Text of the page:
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Historically, global health partnerships have been led by scholars in high-income countries with colleagues from low-and middle-income countries acting as ‘local’ partners.
The COVID-19 pandemic and the response to it, including travel bans, as well as ongoing discussion and movements to decolonise Global Health have finally accelerated changes in our collaboration patterns.
We describe lessons from the shift to a digital community of practice, which combined with a strong intention to treat all partners as equal entities, resulted in the emergence of a more horizontal and inclusive partnership across and between research institutions in the Global North and South.
The flexibility of the funder to adapt to the emerging needs and approaches, as well as an equal funding scheme across institutions, facilitated the initiation and success of the community of practice.
The online community of practice enabled multidirectional peer-to-peer learning and coproduction of knowledge.
This commentary is dedicated to the memory of Diamantino de Jesus from the Universidade Nacional de Timor Loro-Sae who was an active member of the community of practice (CoP) until his untimely death on 8 September 2021.
The COVID-19 pandemic radically changed peoples’ lives. In our work, restrictions on social interaction and travel forced us to rethink the way our global health organisations operate. Building partnerships and sustaining collaborations have been particularly challenging as regular in-person meetings have been replaced by online setups. However, we see an opportunity for global health partnerships and practice during this shift. There have been many recent calls to decolonise global health and radically revise the current global health structures, including to critically reflect and reform partnerships.1 2 Historically, multicountry global health partnerships have been characterised by the limited exchange of ideas or space for leadership among the low-income and middle-income country colleagues, despite their expertise and contextual knowledge.3 Institutions from the Global North have tended to act as leaders with experts from countries in the Global South, where these projects are implemented, too often relegated to a secondary role of ‘local partners.4
These structural disparities have led to a fundamental imbalance in knowledge production and use.5 In this commentary, we argue that, when used consciously, digital ecosystems can enable the development of more just and equal partnerships where learning takes place in all different directions. We present an example of the transition of an in-person capacity building initiative for systems thinking into an online community of practice (CoP). We share some of the lessons learnt from the perspectives of the researchers in the CoP from 18 months of practice.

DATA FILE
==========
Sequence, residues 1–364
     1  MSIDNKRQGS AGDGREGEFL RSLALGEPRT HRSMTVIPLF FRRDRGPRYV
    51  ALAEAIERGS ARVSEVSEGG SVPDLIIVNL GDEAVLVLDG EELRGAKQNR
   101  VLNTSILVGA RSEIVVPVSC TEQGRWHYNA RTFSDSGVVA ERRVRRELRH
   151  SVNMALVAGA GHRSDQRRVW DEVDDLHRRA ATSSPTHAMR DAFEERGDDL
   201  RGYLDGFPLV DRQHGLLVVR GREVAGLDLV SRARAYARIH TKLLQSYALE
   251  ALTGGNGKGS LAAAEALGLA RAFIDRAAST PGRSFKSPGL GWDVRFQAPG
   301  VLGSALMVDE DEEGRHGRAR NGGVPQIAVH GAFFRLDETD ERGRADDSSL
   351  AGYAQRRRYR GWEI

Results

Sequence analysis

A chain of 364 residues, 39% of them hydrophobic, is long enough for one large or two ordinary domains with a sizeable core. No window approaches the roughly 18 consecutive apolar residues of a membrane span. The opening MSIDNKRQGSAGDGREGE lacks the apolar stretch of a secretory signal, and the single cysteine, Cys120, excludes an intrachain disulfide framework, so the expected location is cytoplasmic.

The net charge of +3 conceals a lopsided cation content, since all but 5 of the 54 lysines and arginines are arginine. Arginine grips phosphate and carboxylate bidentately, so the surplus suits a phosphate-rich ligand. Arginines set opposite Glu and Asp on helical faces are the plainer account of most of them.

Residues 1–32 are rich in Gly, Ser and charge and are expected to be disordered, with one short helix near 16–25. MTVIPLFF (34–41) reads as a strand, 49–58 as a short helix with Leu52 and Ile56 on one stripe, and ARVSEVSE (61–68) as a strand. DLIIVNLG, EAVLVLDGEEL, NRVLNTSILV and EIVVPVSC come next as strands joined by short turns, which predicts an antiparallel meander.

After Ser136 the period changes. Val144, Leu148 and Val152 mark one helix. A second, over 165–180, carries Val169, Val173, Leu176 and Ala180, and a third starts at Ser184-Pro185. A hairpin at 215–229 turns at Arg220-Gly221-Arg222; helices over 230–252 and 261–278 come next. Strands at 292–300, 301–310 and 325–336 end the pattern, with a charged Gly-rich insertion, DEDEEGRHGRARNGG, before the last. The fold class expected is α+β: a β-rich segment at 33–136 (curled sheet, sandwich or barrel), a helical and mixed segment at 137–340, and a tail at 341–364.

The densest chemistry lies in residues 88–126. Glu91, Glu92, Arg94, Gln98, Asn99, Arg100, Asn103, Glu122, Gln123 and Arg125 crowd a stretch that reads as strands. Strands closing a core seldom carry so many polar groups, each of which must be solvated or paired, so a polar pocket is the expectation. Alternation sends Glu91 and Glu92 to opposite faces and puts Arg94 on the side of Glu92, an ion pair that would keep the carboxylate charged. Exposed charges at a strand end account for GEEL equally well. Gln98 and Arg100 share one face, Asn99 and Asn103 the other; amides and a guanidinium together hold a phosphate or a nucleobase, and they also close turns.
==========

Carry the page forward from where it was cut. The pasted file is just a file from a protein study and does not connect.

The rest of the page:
How transitioning to an online CoP enabled a more equal partnership
In November 2019, the Systems Thinking for District Health Systems Initiative (box 1) was launched. Before the pandemic, the Swiss Tropical and Public Health Institute (Swiss TPH) was to have a central role across countries. The partner research institutions were to work with Swiss TPH to carry out the implementation of systems thinking tools within each district. The exchange across countries was limited to the kick-off and dissemination activities.
The systems thinking for district health systems initiative
The Systems Thinking for District Health Systems initiative (ST-DHS) was designed to support district managers to adapt, modify and use systems thinking tools at the district level. The initiative was designed to be driven by the needs and interests of district health management teams in Botswana, Pakistan and Timor Leste, facilitated by a research institution in each country. Funded by the Alliance for Health Policy and Systems Research, the initiative is a collaboration between four countries. Research institutions were selected by the Alliance for Health Policy and Systems Research to implement the initiative in the three partner countries: the Institute for Development Management in Botswana, Child Advocacy International in Pakistan and the WHO office in Timor-Leste. The Swiss Tropical and Public Health Institute was appointed as the Technical Support Centre.
In March 2020, it became clear that it would be impossible to implement the project as originally planned. The partners, including the funder, were forced to stop and reflect on how the initiative should be operationalised moving forward. A consultation process with the consortium of partners led to the creation of the digital District Systems Thinking CoP. CoPs have been described as a group of people engaging in a process of collective learning on a shared domain of interest during regular interactions.6 In our case, this was a CoP to learn and engage around the use of Systems Thinking for district health systems.